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Dr O Jovovich
Dr O Jovovich, Cat Veterinarian
Category: Cat
Satisfied Customers: 394
Experience:  BVSc (Bachelor of Veterinary Science - Massey University, NZ)
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My cat is having a hard time walking, she almost looks drunk,

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My cat is having a hard time walking, she almost looks drunk, what could be wrong?

Hi thereCustomer

I would love to help you figure out what is wrong with your kitty but first I will need some more info:

How old is your girl?

Is she on any medication currently?

Has she had any access to poisons, e.g slugbait, antifreeze, lead paint/batteries??

How long has she been having touble?

Any other symptoms such as vomiting/diarrhoea? Vocalising?

Are all 4 legs equally affected?


Thank you,

Dr J

Customer: replied 7 years ago.
She is 9 years old and is currently taking 5mg of prednisolone daily. She also was put on 1/2 tablet of cortisone for the last week. At the vet this morning they gave her an injection of cortisone and an injection of antibiotics. There has been no access to poisons. She has had asthma for years, but the drunk walking happened once a few months ago and twice today. No other symptoms and she doesnt seem to be favoring any certain leg. She tries to walk, goes sideways and eventually just lies down.

Thank you for the extra info,


Has she ever had a full blood panel to investigate this? Any history of renal insuficiency?

Customer: replied 7 years ago.
We did a full blood panel the first time she had these episodes and everything came back fine, and no history of renal insuficiency.



There could be several things at play here.Your vet has cerainly done very well to help rule out a lot of potential causes such as hypokalemia, hypercalcemia and hypoglycemia.


One cause of 'drunk walking' or ataxia in cats can be discospondylitis or infection of the intervertebral disk. If this occurs high in the spinal cord (e.g the neck area) it can cause signs in all 4 limbs. The best way to diagnose discospondylitis would be a myelogram (an xray of the spine taken after contrast has been injected into the spinal canal to outline it on films), sample of cerebrospinal fluid is usually collected at the same time (CSF tap) and cultured (to see if bacteria will grow) as well as analysed for protein levels and cell counts that may indicate inflammation.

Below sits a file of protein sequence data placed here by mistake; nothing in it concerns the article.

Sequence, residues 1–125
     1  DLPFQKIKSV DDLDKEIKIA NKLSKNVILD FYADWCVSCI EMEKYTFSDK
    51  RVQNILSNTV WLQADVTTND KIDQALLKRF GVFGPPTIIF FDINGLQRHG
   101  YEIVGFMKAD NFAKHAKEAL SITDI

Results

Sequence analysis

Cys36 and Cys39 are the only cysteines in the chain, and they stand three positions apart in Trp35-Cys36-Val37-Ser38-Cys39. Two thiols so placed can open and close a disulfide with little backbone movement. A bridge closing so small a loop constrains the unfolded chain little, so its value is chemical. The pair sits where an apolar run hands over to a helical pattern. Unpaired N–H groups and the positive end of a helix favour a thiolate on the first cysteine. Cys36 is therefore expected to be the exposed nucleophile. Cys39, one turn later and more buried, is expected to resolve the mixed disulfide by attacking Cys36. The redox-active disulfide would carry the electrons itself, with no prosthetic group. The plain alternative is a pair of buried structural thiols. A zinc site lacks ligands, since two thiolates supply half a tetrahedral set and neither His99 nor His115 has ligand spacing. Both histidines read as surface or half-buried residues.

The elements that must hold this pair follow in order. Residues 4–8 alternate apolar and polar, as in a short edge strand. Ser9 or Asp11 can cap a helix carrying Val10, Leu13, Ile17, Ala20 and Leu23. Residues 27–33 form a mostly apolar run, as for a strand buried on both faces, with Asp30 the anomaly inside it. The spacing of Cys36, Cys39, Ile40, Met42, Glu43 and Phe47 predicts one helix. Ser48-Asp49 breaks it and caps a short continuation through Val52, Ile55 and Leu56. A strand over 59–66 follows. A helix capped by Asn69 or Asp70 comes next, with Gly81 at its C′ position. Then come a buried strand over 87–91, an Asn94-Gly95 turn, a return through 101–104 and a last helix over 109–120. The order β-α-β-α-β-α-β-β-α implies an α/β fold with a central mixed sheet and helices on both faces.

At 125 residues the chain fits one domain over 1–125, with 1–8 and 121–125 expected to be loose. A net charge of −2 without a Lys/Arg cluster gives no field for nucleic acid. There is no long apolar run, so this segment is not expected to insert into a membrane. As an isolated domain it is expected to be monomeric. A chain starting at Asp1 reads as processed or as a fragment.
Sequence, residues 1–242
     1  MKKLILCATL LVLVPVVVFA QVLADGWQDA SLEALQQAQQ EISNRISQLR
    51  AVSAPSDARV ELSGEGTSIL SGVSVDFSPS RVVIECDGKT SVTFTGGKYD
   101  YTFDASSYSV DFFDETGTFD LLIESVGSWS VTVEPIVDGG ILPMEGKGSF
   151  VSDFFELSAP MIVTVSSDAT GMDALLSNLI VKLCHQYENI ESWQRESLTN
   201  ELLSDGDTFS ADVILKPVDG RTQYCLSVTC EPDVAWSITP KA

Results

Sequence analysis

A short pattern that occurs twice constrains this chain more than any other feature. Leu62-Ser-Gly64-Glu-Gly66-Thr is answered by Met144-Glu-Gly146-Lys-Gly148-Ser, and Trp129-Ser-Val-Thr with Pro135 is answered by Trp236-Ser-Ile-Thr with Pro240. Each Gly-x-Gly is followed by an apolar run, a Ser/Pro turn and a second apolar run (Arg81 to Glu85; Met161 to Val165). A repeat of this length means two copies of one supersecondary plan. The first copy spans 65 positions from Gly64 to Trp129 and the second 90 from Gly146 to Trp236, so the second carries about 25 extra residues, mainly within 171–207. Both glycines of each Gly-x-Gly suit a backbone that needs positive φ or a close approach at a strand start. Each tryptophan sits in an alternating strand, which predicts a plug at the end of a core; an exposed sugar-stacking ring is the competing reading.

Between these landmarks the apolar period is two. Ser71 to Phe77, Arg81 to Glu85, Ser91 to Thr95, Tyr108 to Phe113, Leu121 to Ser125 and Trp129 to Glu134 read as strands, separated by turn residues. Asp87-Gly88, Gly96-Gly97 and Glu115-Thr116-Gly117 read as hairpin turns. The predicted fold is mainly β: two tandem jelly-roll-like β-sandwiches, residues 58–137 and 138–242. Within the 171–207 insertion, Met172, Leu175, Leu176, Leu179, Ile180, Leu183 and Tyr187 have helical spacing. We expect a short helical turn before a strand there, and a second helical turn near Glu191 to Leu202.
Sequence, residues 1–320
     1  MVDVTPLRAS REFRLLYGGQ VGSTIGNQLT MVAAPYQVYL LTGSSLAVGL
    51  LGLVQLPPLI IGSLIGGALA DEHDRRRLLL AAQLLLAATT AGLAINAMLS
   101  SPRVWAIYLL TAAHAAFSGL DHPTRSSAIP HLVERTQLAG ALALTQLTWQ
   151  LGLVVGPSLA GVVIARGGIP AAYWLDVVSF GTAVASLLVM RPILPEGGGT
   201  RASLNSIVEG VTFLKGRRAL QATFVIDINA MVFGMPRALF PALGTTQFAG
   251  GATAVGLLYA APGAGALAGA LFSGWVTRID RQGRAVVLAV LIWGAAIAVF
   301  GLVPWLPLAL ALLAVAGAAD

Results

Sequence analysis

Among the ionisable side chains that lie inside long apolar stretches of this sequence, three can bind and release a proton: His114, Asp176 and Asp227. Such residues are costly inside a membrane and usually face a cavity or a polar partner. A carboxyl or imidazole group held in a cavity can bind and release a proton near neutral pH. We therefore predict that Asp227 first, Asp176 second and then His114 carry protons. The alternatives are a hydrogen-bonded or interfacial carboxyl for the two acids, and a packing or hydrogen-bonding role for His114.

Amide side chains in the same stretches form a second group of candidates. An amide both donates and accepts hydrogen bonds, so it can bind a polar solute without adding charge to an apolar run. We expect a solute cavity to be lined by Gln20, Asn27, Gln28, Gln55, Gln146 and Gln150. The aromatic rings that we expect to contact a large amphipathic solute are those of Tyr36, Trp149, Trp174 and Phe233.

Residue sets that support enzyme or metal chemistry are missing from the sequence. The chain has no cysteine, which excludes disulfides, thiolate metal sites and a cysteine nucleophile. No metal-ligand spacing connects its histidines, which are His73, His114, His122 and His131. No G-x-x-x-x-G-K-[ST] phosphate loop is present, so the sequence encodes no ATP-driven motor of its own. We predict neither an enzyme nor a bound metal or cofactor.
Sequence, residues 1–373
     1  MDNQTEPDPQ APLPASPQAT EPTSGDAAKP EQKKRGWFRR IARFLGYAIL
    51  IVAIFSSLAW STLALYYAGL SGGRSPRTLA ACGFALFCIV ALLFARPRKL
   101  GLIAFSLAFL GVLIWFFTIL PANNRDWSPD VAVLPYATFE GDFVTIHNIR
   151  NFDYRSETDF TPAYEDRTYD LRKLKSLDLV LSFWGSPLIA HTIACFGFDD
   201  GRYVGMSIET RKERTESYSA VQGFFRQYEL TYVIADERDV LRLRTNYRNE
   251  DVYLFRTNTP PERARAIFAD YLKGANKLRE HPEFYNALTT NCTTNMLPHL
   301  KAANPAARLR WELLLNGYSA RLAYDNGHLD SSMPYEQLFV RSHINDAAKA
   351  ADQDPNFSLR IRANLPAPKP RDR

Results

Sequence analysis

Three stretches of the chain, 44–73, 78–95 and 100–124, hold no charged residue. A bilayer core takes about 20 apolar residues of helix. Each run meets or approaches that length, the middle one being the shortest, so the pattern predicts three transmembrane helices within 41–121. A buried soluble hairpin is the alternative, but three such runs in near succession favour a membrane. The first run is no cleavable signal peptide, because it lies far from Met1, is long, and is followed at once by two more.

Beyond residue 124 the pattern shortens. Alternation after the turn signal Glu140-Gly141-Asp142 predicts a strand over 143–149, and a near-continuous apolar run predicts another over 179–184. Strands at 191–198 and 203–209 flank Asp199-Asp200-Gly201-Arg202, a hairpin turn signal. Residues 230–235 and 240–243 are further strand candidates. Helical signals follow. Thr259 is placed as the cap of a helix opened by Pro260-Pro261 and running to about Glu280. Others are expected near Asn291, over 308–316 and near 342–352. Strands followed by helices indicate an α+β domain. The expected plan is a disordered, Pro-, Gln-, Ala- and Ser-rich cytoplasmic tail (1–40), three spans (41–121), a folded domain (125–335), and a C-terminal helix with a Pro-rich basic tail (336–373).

As your girl is older there is also a possibility of a tumour in the brain causing these signs, also a tumour of the membranes covering the brain that may grow and press on it can cause ataxia in a cat. The only way to diagnose tumours within the skull is an MRI scan.


I would have expected prednisolone (that she is on for asthma) to help if there is an immune-mediated component to this (such as immune-mediated polyarthritis/vasculitis), however, if infection is present a very long course of antibiotics would be necessary and steroids alone are not enough.


If you are certain that your girl could not have ingested any toxins, or be suffering from a electrolyte imbalance (a simple blood test would rule this out) then the only way to diagnose the condition further is specific tests concentrating on the central nervous system. Such as a myelogram, CSF tap, or MRI and CT scans.


Even though what you are describing does not sound like a classical seizure there also is a chance that your kitty is exhibiting signs of a petit mal / partial seizure. The diagnosis of epilepsy is usually reached after everything else that could cause the signs is ruled out.

Seizures can ge classed into 3 different groups:

Seizures resulting from metabolic problems or toxicity (i.e., when the brain itself is normal) are called REACTIVE SEIZURES.

Seizures resulting from an identifiable brain abnormality are called SECONDARY SEIZURES.

Seizures for which neither of the above problems apply (i.e., when no cause can be found) are called PRIMARY SEIZURES.


Again a blood panel is the first step in diagnosis (and would be worth repeating if the last one was performed a year ago) followed by more specific tests.

If you are concerned about the 'drunk' state of your cat or if she does not seem to come through this episode by herself as she did last time I recommend that you take her to your local Vet or ER Vet for examination.



I hope this helps, it is a difficult condition to attempt to diagnose without a hands-on exam. Please let me know if I can be of more help.


Dr J

Dr O Jovovich and 2 other Cat Specialists are ready to help you

Hi again and thanks for the accept.


Just another thought I have just had! This could also be related to a middle ear infection or could be a central or peripheral vestibular problem and tests by you Vet will allow these diagnoses to be found or denied. If you get an MRI done - this will be more than enough to help diagnose one of these problems!


I hope this has been of help.


Dr J

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